Beyond Feminism: "Fair-minism" - Pope Jay
I am a huge fan of Chimamanda Ngozi Adichie. Beyond her literary prowess, both oral and written, I ...
I am a huge fan of Chimamanda Ngozi Adichie. Beyond her literary prowess, both oral and written, I respect her in-depth consciousness of the world around her. The ability to notice the so called “little things” in the society and forge them into a story worth listening to is a very rare character, most especially in this part of the world. One of the ideals which I share with Chimamanda is her stance on the equality of the Homo Sapien; the belief that everybody can and should be treated equally at least to a reasonable extent, irrespective of some superficial factors like gender and race.
Feminism is the belief in the political, social, and economic equality between women and men. Feminism as a concept can be traced back centuries. However, there seems to be a rising trend recently, most especially in Africa, a development long overdue. In as much as feminism to a reasonable level is a just cause, I believe that it is perhaps too one sided. The said aim of feminism is to achieve a rational level of equality in the sexes, but this is frequently approached from the female’s perspective and very seldom from the man’s point of view. I once asked a female friend what she thought of paternity leave and she said it was totally unnecessary; I tried to remind her that the man too had just had a child but she felt it was the woman who had done all the work. I further tried to approach the topic from the feminist’s perspective; since the woman wants to be treated equally with the man and the man doesn’t get any holiday for having a child, why should she get a holiday? At this point, my friend just saw me as wicked, lazy, inconsiderate and even further went on to predict that I would be a bad husband in future. The fact that this same friend of mine may be the first to lift the protest placard whenever a case of gender discrimination arose seemed quite unfair to me.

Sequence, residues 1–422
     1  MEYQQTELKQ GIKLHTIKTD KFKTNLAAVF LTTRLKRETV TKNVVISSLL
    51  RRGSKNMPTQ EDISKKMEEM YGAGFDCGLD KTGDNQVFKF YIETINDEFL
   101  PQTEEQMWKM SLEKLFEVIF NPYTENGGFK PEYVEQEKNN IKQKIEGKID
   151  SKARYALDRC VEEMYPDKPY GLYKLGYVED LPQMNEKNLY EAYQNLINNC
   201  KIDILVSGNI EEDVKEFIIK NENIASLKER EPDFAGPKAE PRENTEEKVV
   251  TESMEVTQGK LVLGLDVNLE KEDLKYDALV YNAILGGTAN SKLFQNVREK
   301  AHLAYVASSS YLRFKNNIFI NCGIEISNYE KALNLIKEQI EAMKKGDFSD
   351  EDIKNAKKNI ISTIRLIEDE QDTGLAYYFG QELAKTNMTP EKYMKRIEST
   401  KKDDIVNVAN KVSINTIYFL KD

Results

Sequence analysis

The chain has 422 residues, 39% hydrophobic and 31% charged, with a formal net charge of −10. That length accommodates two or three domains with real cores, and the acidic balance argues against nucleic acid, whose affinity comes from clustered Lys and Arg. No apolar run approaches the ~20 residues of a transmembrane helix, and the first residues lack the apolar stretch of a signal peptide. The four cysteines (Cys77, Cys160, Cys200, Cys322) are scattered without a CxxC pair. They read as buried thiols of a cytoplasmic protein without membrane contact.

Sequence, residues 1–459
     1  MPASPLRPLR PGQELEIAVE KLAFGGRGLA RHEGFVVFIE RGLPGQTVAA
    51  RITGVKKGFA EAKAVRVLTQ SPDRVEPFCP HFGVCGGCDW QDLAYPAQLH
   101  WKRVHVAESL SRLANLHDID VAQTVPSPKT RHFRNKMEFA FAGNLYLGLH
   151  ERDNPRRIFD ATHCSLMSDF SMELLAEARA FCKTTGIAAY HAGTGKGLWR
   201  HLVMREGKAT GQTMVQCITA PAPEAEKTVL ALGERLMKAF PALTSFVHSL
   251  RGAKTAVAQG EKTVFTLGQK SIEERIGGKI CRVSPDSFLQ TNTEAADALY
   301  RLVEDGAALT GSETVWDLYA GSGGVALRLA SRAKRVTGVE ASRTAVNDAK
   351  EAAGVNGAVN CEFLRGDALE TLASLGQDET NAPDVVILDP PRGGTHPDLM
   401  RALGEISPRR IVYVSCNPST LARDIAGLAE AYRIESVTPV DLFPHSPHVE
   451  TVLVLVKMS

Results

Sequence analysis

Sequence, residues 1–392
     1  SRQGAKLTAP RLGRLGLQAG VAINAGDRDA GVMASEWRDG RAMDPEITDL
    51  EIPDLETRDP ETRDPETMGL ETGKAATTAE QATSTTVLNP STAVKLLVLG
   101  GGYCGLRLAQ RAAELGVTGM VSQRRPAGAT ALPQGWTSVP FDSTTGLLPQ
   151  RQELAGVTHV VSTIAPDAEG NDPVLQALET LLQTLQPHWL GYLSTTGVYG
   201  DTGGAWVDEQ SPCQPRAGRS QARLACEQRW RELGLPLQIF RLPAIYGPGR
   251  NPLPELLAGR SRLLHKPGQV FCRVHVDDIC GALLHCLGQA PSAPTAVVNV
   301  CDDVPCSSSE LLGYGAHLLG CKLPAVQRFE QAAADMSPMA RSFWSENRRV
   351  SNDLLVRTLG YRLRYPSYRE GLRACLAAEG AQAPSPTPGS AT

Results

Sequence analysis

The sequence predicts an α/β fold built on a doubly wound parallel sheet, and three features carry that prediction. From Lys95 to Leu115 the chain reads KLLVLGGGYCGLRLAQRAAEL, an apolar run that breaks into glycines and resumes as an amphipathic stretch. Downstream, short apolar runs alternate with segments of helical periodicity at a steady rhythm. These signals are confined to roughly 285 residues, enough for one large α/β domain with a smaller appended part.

The society gives a form of partial treatment to men, it also demands a lot from them: A man is expected to be one without emotions; “the strong one”, the one who has to be away from his family in order to provide for them, the one whose name should scare the children etc. So far, he has not complained because I have tried to find out if there is such a concept as “masculism”, or “masculinism”, and I have discovered that it defines the very opposite of feminism. But I am sure that there are men who want to attain a level of equality with the women too and currently it seems the average male feminist tends to be either seen as shameless and lazy for competing with a female or ungentlemanly for not standing up for her to sit. This indicates that even in the pursuit of equality that is feminism; the sexes are not treated equally.
As a way out, I would have suggested that the men too start to rise and chase equality from their own end, that they invent the idea “masculinism” in a fair way; however, this would only duplicate the shortcomings of feminism. I thereby want to plead with all those who fight against the discrimination against the female sex in a bid to achieve equity in the treatment of both sexes not to be one sided in this task because beyond feminism, we should try to achieve a state of fairness to both sexes. Simply put, we should all be fair-minists.
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